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Jour Fixe (RA C), November 24, 2011

Lecture by Prof. Naomi Standen (Birmingham)

Negotiated Settlements: Microecologies and the Eurasian Mode of Politics in the Tang-Liao Period (c. 7th to 12th centuries)

Transcultural_Asian_History

This lecture is funded by the Cluster of Excellence “Asia and Europe in a Global Context”, and organized by Research Area C "Health and Environment".

Location

Karl Jaspers Centre
Voßstraße 2, Building 4400
Room 212
69115 Heidelberg

Time: 4 p.m. to 6 p.m.

Study of relations between political units in Eastern Eurasia has been dominated by models derived from the literate regimes based in the Yellow River valley, with concepts developed for one period frequently applied to entire eras, spanning millennia. John King Fairbank’s ‘tribute system’ is probably the most famous framework, and Thomas Barfield’s ‘outer frontier strategy’ the best known alternative. Fairbank assumes Chinese hegemony as the norm while Barfield allows agency to nomadic leaders, but most of these analyses take ‘China’ as the ‘civilised core’, dealing with variously less civilised imitators, invaders or marketeers.

Such analyses draw upon generalisations about the effects of gross environmental conditions on economic, social and political forms, and posit essentially binary relationships between ‘China’ and its counterparts. Anthropologists and increasingly archaeologists, working on geographically specific data, have complicated our understanding of ecologies, activities and communities in the traditional China-Inner Asian frontier zone. Historians of the Eastern Eurasian Middle Period (roughly 300-1400) are also beginning to give more attention to the known ecological diversity of the borderland region and to look more closely at the wide range of interactions there, involving leaders at several levels. This work is suggesting new explanations of well known patterns of events and behaviour.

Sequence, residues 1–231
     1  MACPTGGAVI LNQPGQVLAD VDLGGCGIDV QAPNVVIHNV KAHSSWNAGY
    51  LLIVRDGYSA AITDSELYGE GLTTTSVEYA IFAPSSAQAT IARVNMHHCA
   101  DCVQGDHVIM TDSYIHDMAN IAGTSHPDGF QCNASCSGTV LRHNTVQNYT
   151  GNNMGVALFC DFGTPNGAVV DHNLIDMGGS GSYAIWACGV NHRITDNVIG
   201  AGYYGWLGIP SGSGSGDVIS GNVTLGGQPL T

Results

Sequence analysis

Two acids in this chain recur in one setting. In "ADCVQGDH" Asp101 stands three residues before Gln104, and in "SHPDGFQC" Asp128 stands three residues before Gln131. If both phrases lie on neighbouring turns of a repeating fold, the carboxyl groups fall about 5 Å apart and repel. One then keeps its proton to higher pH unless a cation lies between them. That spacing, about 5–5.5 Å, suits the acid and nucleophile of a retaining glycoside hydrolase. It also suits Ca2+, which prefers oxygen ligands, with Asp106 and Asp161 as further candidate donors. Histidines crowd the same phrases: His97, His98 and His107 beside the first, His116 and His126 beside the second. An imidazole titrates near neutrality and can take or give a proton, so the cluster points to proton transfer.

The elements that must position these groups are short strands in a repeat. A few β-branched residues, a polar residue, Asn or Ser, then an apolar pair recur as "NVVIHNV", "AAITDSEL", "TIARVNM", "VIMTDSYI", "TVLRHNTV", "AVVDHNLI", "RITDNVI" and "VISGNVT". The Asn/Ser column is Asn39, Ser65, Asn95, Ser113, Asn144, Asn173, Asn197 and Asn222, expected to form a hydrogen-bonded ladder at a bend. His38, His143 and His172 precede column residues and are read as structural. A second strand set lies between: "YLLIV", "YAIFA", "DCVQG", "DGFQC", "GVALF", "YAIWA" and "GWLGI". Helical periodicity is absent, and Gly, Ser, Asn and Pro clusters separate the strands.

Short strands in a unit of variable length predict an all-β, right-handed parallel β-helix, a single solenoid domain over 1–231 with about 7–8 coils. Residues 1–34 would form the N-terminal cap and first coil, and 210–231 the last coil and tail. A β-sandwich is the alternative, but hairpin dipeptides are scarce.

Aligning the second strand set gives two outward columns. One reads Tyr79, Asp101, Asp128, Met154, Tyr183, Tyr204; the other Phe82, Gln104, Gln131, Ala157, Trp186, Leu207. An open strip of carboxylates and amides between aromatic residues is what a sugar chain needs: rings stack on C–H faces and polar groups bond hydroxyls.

Expanding upon recent developments in the field, this paper uses a case study on the Liao (907-1125) dynasty and its antecedents to explore an alternative model for relations between political leaders that does not presume ‘China’ as hegemon or sole source of methods, that explains ‘internal’ and ‘external’ relations among the leadership classes as parts of a single system, and allows for motivations other than the desire for wealth. This offers better explanations of Eastern Eurasian politics in the Middle Period, and will assist comparison with political systems and situations across the rest of Eurasia.

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